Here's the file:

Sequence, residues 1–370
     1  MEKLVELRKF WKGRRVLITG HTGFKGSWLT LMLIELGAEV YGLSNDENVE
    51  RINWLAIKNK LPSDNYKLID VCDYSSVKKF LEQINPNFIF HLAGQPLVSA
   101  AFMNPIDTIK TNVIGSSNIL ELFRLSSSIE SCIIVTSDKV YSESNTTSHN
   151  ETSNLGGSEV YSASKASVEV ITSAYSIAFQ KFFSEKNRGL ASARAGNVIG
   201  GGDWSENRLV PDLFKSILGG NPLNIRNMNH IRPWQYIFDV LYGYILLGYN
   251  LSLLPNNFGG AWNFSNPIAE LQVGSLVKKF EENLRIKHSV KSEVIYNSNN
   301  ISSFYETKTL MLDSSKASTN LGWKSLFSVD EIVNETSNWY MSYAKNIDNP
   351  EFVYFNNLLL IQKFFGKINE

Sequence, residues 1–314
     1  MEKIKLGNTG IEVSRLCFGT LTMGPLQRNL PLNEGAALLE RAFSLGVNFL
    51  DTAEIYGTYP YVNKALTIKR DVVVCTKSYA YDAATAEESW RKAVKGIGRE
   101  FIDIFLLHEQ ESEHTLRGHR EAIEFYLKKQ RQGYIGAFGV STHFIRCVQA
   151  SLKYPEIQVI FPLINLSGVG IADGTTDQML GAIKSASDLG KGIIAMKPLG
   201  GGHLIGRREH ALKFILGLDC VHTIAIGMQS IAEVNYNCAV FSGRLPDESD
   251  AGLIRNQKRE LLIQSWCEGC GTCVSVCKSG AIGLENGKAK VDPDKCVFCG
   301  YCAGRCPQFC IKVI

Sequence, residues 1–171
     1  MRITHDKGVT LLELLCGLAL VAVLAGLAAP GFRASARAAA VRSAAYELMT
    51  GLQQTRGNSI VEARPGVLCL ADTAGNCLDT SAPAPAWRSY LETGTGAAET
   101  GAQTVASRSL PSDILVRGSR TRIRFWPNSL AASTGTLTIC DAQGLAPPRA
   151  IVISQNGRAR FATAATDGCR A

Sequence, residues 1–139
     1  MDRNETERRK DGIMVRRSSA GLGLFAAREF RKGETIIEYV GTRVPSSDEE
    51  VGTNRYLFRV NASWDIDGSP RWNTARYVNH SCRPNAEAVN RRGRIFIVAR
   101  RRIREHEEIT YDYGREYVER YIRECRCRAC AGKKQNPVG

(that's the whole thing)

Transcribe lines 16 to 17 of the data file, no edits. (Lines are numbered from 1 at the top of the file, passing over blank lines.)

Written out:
   251  AGLIRNQKRE LLIQSWCEGC GTCVSVCKSG AIGLENGKAK VDPDKCVFCG
   301  YCAGRCPQFC IKVI